By Maimun Mustafa
As more cars and motorcycles join the national fleet each day, can consumers expect sustainable quality service from the dreams painted by architects of ride-sharing services?
The average commuter who denied by the bus, the CNG and MRT dream was overjoyed with what the ride sharing apps brought to the cities of Bangladesh. Relatively more comfortable rides by the early Ubers and the mobility delivered by Pathao was a Godsend. Obhai, Shohoz and Piickme quickly followed to add competition to this market that saw offshoot services like food and parcel delivery also grow. The ability to follow up and check rate services drew a picture of hope for accountability. However, what started as quick easy rides quickly spiralled into uncharted waters.
Reports of accidents, deaths, hijacking and verbal assault have come across as new inexperienced rider partners are added. Uber does not provide a customer care hotline but rather a confusing in app complaint service for the non tech savvy user. Quick online responses to a mass uneducated customer base leave a lot to be asked for. Pathao does have their own call centre but users complain that resolution of complaints are not effectively handled always although it has over 200,000 service providers. For verification, Pathao for example confirms vehicle authenticity and other documents like NID by rechecking with Bangladesh Road Transport Authority (BRTA).
This Eid witnessed skyrocketing prices for the ride sharing services. The non regulated supply demand model saw consumers having to pay even 200 taka over the average fare rate at times as the rain handicapped people to pay fares or stay home if they did not have personal transport. A throwback to the days of the early yellow cabs.
THE PRICE OF PROFESSIONALISM
Nevertheless we must ask ourselves if it is only the service provider’s fault to blame. Obhai has tried to engage the badly regulated CNG market through in app CNG services. Is it really a culture in Bangladesh to try to hike up price once a product or service gets popular? Or is it riders who cannot properly value the service they are providing?
Pathao recently promoted digital payment via Bkash. An initiative that was thoroughly rejected by the majority of Pathao riders according to user complaints. When contacted Pathao said that they informed riders regarding digital payments via phone calls, give in-app pop ups and also provide digital payment acceptance bonuses. Maybe the cash based society in Bangladesh could not still accept Pathao’s wallet offering given the personal data privacy intrusion allegations. Whatever the reason maybe for lack of digital payment acceptance, a thorough research could have been conducted before launching a massive campaign in which many users were rejected rides. Uber on the other hand does not accept local credit or debit cards at all and makes it highly inaccessible to anyone not having an international payment option.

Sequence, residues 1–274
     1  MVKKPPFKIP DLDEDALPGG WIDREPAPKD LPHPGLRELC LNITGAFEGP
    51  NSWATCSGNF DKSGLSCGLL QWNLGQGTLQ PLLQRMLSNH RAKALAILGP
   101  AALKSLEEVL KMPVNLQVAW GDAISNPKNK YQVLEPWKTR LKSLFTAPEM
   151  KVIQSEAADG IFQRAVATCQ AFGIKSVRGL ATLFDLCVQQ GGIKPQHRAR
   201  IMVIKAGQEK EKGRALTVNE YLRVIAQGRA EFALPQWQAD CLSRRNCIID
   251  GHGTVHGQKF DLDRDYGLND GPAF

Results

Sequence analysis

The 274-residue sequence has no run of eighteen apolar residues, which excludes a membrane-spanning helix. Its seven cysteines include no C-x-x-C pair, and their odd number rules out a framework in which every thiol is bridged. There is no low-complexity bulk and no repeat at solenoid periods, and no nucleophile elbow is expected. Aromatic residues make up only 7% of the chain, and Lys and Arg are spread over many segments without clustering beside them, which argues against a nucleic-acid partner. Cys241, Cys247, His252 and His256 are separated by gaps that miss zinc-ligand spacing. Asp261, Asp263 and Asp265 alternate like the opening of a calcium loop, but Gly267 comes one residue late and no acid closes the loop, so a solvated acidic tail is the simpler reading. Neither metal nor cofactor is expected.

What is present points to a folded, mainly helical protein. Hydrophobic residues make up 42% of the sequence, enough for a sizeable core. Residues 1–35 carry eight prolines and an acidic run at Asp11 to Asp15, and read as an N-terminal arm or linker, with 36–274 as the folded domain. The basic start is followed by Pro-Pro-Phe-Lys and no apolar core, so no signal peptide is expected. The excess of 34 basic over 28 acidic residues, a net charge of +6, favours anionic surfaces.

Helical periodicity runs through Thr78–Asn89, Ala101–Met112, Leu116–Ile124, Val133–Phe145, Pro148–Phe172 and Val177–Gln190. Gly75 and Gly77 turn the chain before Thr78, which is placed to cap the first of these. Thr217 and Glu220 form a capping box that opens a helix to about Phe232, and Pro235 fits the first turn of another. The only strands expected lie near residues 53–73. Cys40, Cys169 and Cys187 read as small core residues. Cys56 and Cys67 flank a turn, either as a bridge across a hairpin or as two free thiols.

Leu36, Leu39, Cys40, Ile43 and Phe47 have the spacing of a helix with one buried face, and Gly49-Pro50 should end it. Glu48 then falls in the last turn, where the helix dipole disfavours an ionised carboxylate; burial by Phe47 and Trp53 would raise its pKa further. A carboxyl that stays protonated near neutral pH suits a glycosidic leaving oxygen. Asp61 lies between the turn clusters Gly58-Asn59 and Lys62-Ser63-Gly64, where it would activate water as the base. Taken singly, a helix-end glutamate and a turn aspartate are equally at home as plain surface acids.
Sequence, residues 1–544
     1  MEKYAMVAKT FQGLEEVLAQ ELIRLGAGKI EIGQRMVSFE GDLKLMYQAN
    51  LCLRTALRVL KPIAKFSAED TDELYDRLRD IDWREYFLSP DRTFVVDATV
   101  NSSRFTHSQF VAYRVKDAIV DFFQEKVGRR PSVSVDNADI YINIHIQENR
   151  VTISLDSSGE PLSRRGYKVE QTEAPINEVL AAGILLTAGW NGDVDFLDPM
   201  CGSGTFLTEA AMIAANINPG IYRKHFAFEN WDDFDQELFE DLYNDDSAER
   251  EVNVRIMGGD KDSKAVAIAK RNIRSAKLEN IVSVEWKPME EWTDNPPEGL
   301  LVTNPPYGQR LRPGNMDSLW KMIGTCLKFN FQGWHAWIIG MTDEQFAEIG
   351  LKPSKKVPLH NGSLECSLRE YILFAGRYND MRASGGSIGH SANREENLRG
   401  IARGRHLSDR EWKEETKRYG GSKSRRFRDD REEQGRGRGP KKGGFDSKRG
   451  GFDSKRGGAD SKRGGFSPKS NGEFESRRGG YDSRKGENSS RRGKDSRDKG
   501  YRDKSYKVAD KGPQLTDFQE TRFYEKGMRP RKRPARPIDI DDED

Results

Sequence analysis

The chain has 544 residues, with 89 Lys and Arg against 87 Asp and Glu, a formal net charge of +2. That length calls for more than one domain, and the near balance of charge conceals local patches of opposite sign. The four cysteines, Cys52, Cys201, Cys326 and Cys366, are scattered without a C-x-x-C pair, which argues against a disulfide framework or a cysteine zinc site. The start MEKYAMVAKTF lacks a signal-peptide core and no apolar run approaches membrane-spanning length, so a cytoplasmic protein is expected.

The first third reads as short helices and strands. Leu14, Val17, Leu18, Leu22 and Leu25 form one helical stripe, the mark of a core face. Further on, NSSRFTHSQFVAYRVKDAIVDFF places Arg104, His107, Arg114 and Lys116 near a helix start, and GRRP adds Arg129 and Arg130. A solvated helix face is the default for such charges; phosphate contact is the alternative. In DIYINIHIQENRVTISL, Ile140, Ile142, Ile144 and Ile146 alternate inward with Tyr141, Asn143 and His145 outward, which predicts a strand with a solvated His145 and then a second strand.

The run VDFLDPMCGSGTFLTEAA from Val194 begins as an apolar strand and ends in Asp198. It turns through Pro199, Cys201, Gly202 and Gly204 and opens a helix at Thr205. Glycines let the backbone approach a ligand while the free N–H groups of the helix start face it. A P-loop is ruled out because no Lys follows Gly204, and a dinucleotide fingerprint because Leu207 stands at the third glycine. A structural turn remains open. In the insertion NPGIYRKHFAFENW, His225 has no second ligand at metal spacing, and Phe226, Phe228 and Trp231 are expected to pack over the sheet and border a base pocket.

Another huge woe faced by consumers of the services are the cancellations. Uber users frequently complain on social media that because of the inability to see the exact destination after the request accepted, drivers end up cancelling rides. Sometimes even back to back five rides may be cancelled leading to loss of time for a service. Terms for cancellation and fines for them need to be more explicitly defined. Also riders control over where they want to go should be made flexible so complete information is available before the transaction.
IS IT REALLY A CULTURE IN BANGLADESH TO TRY TO HIKE UP PRICE ONCE A PRODUCT OR SERVICE GETS POPULAR? OR IS IT RIDERS WHO CANNOT PROPERLY VALUE THE SERVICE THEY ARE PROVIDING?
Pathao recently had to downsize over 300 workers without prior notice. From a business point of view this can be argued that it needed to be done to remain efficient. However it remains to be seen if this will have an effect on quality. Globally Uber has gone public but with falling share prices, the business viability of ride sharing comes into question.
With many novice riders joining the force to make the extra buck, the probability of unpleasant and unsafe rides rose as communicated by users on social media platforms. To regulate purchases meant solely for ride sharing, the BRTA has made it mandatory to have a driver’s license to purchase a motorcycle from 17 June 2019. This would enable only registered drivers to drive motorcycles over inexperienced ones.
The BRTA is also taking measures to begin registration of ride sharing companies by July 1, 2019. After 1.5 years of passing the guidelines, the service is finally getting legal recognition as a separate industry. As there were no legal guidelines in place over the past few years, complaints by users could not be legally admissible. The incorporation of the ‘999’ national hotline could be done on the app due to discrepancies on part of the Bangladesh Police but is expected to be added by the end of July to reassure safety concerns of consumers.
However companies like Pathao believe as it is a growing market that attracts foreign direct investment regulations like excessive taxation might deter growth.
No commuter would like to go back to the archaic practices of being under the mercy of the old public transport sector system. However ensuring safe, affordable and sustainable travel should be the long term goals that the ride sharing industry can assist us in achieving.